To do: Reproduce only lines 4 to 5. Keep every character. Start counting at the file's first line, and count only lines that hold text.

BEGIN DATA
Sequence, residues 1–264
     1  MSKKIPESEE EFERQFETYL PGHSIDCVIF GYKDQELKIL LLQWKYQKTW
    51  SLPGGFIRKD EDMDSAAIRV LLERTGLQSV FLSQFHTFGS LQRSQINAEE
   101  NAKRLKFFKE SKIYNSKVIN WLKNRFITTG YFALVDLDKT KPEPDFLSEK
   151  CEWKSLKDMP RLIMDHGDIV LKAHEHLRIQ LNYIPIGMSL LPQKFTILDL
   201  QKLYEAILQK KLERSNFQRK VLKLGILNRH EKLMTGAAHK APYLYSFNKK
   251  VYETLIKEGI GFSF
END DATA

   101  NAKRLKFFKE SKIYNSKVIN WLKNRFITTG YFALVDLDKT KPEPDFLSEK
   151  CEWKSLKDMP RLIMDHGDIV LKAHEHLRIQ LNYIPIGMSL LPQKFTILDL